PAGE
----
|“Research impact is the contribution that research makes to the economy, society, environment or culture, beyond the contribution to academic research.”
Australian Research Council
With any measure of “impact”, you need to place the information in context and think about using a range of indicators. Citation analysis provides just one aspect, focusing on scholarly impact using quantitative data metrics. Additional indicators that consider broader, societal impact, and quality measures such as peer-review are necessary to tell your impact story.
Disciplines such as Arts & Humanities are often not well represented by existing citation analysis tools that predominantly index journal articles and coverage in the sciences. Recognition of a diverse range of outputs that can be tracked for attention and engagement are helping to provide a more complete picture. See Altmetrics Libguide for more.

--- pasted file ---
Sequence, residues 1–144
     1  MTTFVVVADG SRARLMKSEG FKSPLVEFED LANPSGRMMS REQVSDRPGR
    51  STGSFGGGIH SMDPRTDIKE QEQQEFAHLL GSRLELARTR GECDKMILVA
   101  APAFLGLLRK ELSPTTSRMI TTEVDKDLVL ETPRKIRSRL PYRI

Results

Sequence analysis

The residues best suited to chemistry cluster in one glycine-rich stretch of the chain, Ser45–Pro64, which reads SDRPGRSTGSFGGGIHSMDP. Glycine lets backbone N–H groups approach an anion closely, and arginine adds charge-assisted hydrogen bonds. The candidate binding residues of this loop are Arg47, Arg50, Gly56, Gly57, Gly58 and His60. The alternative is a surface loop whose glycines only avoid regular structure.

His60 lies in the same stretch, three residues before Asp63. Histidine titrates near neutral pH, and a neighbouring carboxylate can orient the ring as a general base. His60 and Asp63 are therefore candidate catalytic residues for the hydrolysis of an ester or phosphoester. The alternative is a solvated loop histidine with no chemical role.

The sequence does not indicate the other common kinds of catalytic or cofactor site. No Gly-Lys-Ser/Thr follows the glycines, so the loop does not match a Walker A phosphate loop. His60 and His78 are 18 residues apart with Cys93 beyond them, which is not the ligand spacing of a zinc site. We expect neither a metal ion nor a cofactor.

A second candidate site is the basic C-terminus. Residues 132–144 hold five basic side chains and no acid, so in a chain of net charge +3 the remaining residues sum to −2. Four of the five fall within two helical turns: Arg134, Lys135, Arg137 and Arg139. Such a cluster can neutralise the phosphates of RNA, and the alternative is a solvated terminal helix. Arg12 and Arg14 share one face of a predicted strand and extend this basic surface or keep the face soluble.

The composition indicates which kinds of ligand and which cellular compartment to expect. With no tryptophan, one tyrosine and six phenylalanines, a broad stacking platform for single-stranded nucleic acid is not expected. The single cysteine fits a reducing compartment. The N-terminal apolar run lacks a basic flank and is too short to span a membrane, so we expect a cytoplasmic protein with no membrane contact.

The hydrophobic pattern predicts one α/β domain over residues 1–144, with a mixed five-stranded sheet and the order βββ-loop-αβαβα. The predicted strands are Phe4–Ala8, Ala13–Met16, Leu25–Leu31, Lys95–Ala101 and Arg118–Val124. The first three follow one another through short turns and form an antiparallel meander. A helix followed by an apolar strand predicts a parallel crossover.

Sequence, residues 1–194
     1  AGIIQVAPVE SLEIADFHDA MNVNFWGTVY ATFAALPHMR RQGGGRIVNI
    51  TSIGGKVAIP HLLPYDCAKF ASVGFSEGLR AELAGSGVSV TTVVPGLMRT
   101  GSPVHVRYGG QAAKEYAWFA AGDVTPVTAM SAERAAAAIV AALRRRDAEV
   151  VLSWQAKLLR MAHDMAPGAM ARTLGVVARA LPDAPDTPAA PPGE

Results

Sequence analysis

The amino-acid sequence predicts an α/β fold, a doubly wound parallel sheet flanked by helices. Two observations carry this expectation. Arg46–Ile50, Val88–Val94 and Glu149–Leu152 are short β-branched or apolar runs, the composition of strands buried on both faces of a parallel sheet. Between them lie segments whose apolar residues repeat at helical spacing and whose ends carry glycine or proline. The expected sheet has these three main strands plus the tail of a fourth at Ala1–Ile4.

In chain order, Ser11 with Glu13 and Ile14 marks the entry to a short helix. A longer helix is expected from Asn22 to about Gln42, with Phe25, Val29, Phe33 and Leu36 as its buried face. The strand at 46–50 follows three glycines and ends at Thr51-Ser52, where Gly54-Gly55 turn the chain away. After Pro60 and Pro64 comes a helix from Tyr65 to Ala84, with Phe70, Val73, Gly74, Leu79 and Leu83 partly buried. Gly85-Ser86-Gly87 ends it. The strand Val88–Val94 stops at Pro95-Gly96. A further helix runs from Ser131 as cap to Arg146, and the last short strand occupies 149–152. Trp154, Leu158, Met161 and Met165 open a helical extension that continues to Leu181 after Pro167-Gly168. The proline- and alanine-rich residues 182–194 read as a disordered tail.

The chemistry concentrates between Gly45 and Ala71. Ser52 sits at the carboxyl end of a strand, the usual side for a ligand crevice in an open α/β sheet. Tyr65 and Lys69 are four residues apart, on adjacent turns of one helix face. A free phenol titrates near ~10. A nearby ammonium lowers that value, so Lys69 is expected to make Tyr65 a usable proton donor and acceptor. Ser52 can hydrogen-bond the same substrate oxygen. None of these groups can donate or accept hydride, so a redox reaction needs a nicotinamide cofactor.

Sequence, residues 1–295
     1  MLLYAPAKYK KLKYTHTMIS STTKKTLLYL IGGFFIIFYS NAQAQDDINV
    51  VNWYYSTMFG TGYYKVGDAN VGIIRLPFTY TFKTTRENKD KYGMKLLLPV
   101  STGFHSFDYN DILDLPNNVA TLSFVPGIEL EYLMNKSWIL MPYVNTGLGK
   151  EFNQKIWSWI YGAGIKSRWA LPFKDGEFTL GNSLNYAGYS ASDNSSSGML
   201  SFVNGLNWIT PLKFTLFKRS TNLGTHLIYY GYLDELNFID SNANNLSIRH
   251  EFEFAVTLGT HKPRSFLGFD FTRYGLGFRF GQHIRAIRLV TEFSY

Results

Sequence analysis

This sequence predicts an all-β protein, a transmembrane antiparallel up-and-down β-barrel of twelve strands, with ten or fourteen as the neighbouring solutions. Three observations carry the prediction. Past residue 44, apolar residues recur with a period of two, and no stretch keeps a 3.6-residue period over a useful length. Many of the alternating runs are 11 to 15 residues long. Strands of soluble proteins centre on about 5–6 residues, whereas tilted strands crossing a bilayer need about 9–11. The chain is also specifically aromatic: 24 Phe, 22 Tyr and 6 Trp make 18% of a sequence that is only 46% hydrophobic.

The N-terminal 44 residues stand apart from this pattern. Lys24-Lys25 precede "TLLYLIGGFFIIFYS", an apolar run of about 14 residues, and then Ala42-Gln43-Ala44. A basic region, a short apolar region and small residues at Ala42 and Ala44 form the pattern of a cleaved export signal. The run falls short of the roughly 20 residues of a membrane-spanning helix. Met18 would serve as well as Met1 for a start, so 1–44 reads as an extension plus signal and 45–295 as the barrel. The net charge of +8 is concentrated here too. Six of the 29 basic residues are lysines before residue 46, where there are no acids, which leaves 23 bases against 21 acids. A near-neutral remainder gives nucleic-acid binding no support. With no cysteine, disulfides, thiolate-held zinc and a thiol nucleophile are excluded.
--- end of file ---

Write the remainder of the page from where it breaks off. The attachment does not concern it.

Developed by a group of international Information Professionals:
"The Metrics Toolkit provides evidence-based information about research metrics across disciplines, including how each metric is calculated, where you can find it, and how each should (and should not) be applied. You’ll also find examples of how to use metrics in grant applications, CVs, and promotion dossiers."
An ORCID ID is a unique researcher identifier that identifies you and your work.
If you do not have access to a Monash profile then register for your ORCID identifier here
Image of asteroid impact by Idea go at FreeDigitalPhotos.net